Posts from ‘Buick’
There is no longer space in the American new-car marketplace for vehicles with hoods and trunklids that consume more linear space than their passenger compartments do. While I know that the passing of the giant coupe was inevitable, I also lament that automotive designers no longer have a free hand with such large and expressive canvases.
I graduated from high school in 1983. The third year of President Ronald Reagan’s first term was pretty good to me—I spent the summer working full time at a service station, I starting taking classes at a local junior college, and I spent a considerable amount of time looking at, reading about, and talking about cars.
To everyone who says cars have gotten too expensive, I say phooey. Cars cost about the same now as they have for decades, inflation adjusted.
It’s a popularly held position that General Motors doesn’t take enough styling chances—or at least it historically hasn’t. I would argue that there are plenty of Eighties and Nineties examples of rather sterile looking GM vehicles that support this point, but a slate of inoffensive Cieras, Malibus, and Skyhawks hardly tells the whole story. General Motors has, in fact, taken many styling chances over the years–though the results weren’t always positive.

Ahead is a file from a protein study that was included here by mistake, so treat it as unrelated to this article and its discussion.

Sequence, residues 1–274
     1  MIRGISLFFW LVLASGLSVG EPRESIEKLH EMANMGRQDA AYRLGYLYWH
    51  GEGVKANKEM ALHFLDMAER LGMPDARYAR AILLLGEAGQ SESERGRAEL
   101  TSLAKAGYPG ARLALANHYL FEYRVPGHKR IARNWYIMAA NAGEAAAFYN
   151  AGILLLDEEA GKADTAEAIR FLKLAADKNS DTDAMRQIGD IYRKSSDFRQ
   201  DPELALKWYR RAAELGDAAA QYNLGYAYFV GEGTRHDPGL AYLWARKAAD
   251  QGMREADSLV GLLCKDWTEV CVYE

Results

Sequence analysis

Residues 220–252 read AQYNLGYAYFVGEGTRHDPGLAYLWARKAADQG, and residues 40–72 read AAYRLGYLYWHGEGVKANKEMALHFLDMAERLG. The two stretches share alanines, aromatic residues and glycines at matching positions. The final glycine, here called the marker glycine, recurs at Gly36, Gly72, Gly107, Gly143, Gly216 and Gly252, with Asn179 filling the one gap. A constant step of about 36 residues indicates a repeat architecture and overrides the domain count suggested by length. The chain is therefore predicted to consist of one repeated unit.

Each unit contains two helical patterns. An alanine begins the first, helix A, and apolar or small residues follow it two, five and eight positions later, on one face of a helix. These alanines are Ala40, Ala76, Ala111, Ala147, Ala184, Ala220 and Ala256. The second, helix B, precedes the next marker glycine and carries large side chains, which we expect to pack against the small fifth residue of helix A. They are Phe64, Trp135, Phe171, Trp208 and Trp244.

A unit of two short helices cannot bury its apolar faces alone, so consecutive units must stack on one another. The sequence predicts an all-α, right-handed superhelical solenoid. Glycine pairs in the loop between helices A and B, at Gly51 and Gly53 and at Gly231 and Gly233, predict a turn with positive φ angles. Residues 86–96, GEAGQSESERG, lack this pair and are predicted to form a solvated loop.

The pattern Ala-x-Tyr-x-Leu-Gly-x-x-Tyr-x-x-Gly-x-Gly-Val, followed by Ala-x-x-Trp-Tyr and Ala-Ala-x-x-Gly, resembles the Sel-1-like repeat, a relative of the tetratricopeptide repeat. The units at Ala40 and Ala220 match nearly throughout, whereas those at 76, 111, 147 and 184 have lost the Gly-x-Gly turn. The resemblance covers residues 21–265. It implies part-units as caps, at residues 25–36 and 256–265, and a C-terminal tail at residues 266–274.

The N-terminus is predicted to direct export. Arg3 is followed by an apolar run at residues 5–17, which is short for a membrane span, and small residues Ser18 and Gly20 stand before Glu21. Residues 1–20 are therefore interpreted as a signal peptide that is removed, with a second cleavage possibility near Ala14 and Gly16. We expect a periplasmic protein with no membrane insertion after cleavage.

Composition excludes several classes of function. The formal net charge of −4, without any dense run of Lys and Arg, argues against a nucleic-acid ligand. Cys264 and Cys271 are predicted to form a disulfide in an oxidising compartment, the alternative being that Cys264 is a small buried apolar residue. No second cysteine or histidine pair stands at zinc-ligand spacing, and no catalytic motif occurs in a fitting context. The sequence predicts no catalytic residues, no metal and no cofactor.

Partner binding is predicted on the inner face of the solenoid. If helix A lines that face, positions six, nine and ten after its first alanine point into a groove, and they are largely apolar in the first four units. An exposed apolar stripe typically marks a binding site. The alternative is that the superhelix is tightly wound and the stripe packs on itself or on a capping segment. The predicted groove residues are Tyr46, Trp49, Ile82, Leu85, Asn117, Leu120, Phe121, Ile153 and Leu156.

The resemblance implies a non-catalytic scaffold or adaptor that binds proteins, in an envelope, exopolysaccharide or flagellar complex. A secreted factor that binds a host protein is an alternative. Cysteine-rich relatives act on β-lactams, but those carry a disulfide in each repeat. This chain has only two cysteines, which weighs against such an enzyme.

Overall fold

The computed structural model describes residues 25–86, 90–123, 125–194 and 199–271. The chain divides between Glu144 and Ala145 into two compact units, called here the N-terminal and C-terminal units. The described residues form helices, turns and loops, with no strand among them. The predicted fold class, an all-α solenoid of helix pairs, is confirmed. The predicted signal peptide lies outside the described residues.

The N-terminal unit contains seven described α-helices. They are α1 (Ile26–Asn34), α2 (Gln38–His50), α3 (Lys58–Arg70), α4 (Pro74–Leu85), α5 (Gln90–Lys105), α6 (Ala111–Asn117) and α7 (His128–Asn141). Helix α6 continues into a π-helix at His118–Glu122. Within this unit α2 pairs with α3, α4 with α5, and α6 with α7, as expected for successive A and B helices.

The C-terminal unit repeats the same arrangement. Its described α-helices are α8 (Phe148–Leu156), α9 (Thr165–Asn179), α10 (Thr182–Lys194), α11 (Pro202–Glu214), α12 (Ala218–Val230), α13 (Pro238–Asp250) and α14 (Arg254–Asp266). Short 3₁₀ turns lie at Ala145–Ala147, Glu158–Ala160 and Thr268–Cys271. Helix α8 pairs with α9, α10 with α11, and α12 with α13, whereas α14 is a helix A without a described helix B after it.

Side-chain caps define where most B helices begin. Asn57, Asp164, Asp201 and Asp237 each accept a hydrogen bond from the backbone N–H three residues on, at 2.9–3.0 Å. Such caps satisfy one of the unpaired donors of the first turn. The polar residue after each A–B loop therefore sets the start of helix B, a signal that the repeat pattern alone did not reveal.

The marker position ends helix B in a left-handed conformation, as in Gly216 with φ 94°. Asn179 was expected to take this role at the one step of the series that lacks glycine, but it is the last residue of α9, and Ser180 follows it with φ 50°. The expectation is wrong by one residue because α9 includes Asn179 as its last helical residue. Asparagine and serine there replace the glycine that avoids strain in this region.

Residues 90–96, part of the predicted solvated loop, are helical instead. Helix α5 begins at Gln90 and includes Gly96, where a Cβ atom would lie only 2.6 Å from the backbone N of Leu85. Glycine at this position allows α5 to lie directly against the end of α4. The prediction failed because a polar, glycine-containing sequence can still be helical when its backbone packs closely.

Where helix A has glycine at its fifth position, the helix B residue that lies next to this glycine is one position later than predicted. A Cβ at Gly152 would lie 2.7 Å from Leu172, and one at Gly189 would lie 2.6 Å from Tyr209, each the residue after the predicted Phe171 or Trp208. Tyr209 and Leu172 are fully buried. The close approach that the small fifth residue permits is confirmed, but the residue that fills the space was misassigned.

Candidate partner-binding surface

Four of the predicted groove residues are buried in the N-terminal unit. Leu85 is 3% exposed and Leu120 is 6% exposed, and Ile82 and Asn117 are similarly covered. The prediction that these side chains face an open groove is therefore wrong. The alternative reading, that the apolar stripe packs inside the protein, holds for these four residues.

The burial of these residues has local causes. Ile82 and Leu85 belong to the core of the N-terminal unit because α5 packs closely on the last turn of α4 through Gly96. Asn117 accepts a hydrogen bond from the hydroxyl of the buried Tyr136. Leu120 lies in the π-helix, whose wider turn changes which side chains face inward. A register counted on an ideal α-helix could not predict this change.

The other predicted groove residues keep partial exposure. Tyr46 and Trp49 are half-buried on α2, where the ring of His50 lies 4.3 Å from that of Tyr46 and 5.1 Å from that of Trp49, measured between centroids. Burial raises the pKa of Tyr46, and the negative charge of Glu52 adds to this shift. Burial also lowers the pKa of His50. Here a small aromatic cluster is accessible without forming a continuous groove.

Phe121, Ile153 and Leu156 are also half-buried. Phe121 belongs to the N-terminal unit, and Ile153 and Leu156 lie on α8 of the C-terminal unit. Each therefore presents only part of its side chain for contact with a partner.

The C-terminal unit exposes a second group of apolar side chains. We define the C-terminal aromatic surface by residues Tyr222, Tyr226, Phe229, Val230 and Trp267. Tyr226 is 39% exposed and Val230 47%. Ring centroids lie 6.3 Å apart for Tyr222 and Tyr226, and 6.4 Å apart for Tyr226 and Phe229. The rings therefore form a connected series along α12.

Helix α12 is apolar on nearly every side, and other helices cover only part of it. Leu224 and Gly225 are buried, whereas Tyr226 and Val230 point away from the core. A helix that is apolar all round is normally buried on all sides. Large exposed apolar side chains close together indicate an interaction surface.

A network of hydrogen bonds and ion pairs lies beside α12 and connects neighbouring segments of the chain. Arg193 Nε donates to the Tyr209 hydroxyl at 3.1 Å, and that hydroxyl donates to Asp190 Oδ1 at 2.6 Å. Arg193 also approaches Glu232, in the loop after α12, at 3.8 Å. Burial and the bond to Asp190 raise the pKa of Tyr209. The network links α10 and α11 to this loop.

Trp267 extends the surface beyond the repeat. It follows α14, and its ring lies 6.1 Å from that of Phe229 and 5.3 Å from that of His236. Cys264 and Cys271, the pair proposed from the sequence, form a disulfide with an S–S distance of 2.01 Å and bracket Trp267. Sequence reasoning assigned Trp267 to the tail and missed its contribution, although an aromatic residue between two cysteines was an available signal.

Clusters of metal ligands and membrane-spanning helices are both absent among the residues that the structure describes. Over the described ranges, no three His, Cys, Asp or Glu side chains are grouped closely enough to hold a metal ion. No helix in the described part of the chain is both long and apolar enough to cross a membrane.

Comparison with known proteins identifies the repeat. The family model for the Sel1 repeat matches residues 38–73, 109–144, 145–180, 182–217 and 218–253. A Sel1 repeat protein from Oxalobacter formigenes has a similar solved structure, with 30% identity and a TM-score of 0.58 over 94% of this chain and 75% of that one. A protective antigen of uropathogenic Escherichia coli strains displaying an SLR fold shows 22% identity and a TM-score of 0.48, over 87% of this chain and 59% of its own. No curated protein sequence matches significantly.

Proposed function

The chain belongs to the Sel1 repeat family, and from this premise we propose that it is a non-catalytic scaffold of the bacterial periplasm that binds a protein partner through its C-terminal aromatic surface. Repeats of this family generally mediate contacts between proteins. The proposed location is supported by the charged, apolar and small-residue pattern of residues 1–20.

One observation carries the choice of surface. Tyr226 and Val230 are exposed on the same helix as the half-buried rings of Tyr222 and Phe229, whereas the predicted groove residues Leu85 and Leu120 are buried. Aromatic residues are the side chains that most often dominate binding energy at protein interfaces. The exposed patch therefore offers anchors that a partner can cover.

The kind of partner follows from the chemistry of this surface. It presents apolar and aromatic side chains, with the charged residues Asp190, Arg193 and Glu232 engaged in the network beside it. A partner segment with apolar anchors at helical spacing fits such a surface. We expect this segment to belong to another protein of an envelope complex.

There is an air of parsimony to the automotive print ads of 1982. Take in all of the examples and take note of the following:
Due to the overwhelming response to our first two Great Car Grille posts, we felt compelled to share a second list of reader-recommend selections.
If you’re looking for a common thread to sew this collection of ads together, it may be luxury–or, more correctly, the perception of luxury.
If you enjoy the occasional dream in which elements of the world around you seem familiar, but not quite right, you will likely enjoy learning about the American-brand cars once sold in Mexico.
By the time the 1976 model year rolled around, the trusty round headlamp had been an auto-industry norm for more than 70 years. Much of what drove this stylistic consistency was the easily replaced one-piece sealed-beam lamp, the use of which became U.S. law in 1940.